In the 1960s, Ailsa dyed her pubic hair red to sing a cabaret monologue about menstrual bleeding. Since then, she has boasted publicly of affairs with both sexes, told of abortions, sported on her neck-chain a plastic-coated foetus (hers), appeared in court defending oral sex and sodomy, and agreed to a cervical examination on live TV. The great British viewing public has looked up her vagina. Ailsa Kelman is also a leading intellectual and women's studies guru, a feminist "personality" writing books important to many generations - on women artists, literature and cultural studies. Everything interests her.
Ailsa is an ardent self-publicist. Thought incorruptible, she is in reality only endlessly buoyant, finding ideological reasons for each view she defends. Her violently self-assertive energy makes her a key part of her age, as well as somehow separate from it.
Since Margaret Drabble's first novel in 1963, her books have helped many of us navigate each decade. Among her many gifts is the ability to spotlight the apparently merely topical, and find there something universal. Like all good writers, she is in search of truth. And so Ailsa has the style of this age: exhibitionistic, hysterical, vain, aggressive, celebrity-obsessed. She is partly a monstrous creation, bad at growing old, or even growing up.
Drabble passes on her own appalled delight in Ailsa, the Sea Lady who starts this novel giving a prize for a publication on marine biology, "working" a room for its usable inhabitants. A meeting with a malevolent gossip-columnist starts the book's pilgrimage, which, like Bergman's film Wild Strawberries, entails a journey to a degree ceremony in a Northern resort where she will accept an honorary doctorate. Once there, Ailsa starts to exhibit the symptoms of late-onset humility.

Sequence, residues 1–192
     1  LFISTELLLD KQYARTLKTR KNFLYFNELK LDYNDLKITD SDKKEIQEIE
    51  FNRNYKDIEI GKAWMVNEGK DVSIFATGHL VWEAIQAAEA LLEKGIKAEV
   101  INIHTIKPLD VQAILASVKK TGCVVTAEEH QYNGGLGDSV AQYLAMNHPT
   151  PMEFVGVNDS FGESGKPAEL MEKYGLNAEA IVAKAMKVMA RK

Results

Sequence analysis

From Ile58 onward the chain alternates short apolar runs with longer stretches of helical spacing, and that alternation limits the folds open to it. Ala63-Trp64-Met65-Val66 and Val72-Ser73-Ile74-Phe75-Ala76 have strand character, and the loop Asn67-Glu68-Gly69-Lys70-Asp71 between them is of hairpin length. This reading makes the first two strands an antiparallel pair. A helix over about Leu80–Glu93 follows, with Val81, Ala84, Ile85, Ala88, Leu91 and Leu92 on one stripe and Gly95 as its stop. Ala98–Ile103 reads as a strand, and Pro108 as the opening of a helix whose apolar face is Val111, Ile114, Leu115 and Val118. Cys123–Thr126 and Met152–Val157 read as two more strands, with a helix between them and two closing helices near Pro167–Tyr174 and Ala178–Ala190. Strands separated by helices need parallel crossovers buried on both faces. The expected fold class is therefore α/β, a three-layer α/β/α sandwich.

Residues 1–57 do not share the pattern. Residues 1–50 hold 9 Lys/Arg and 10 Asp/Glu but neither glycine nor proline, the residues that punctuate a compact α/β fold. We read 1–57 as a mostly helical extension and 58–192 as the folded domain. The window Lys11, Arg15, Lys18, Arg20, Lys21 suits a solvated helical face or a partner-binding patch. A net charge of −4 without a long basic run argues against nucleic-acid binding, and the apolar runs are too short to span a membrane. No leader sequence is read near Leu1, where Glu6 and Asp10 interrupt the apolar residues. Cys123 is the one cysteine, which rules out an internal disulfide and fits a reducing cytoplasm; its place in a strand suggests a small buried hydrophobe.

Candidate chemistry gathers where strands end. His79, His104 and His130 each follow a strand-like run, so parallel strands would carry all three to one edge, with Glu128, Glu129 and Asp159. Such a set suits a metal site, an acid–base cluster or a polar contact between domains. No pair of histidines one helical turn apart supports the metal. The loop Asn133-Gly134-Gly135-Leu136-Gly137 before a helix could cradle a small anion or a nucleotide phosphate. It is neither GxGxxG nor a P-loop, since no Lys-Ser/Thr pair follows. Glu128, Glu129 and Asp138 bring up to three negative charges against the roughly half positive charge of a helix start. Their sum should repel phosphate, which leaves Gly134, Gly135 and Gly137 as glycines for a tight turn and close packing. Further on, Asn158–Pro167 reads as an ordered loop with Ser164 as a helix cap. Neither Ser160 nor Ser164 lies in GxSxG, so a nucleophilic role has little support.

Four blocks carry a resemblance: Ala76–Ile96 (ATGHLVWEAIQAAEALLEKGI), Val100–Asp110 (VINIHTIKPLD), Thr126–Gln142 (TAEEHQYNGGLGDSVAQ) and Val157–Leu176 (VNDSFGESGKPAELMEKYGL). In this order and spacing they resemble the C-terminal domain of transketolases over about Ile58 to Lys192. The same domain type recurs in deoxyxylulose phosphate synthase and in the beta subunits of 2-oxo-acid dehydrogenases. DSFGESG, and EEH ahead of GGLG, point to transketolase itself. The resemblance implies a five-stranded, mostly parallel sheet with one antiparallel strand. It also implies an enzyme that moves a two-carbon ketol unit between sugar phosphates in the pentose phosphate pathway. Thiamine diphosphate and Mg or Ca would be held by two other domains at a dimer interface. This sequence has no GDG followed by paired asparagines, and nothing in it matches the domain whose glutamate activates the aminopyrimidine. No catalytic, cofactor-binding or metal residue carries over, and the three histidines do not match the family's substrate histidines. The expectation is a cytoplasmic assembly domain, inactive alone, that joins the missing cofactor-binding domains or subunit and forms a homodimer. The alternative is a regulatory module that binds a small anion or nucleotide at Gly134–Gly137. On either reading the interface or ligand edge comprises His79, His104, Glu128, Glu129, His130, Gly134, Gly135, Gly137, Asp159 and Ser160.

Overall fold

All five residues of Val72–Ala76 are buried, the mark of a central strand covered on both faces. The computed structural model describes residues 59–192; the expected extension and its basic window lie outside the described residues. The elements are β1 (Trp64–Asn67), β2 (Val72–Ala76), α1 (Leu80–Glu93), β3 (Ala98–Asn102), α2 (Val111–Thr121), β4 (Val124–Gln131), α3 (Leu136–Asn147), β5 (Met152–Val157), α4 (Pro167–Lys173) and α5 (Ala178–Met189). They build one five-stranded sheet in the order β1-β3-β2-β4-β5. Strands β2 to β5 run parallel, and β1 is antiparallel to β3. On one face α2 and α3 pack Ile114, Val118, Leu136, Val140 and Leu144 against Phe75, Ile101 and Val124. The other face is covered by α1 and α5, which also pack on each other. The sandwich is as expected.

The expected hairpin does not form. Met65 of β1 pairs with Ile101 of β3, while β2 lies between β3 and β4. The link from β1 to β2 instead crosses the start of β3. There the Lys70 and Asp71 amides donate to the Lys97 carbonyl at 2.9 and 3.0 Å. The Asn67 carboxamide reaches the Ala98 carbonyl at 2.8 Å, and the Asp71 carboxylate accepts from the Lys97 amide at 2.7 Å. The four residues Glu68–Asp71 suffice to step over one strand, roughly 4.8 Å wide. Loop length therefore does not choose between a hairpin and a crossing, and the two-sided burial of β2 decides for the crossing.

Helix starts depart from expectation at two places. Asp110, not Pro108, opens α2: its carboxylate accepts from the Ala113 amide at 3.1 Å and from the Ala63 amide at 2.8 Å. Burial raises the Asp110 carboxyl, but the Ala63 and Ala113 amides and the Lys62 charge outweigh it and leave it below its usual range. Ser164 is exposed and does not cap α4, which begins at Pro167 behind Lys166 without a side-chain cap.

All the graduands know one another, but have not met for decades. Humphrey Clark is a masochistic marine biologist who knew Ailsa half a century ago, and married her, and at first was happy. He is bad at anger, and at living out the consequences of his actions. He regrets much. His profession offers Drabble the chance to meditate about the sexual indeterminacies of sea-life, to think fishily, to offer informed digressions about how Darwin lost his religious faith watching some disturbingly cruel insects; and to note with what humility Darwin judged his life. Drabble has an omnivorous curiosity, collecting facts because of their poetry.
We learn about marine sex-change, pearls and much, much more. Marine biology offers one way of thinking through human change. For this is a playful novel about how we make sense of our own history by telling stories that need to be revisited and revised. Drabble evokes England from the distant 1940s to the present, with a witty eye for unexpected detail.
"Hoc Opus, Hic Labor Est": a recurrent Latin tag stays untranslated. It comes from Virgil: "The descent to hell is easy/ the gate... stands open night and day./ But to retrace one's steps and return to the upper air/ that is the toil, that is the difficulty". The real topics of the novel are the corruptions of public life; the failures and compromises of age; and the long quest - as in Wild Strawberries - for purity of heart. Once you have visited even briefly, staying out of hell proves tough. Drabble is generous even to her nastiest characters, offering a resolution that is earned, and a moment of forgiveness that rings true.
Peter J Conradi's life of Iris Murdoch is published by HarperCollinsReuse content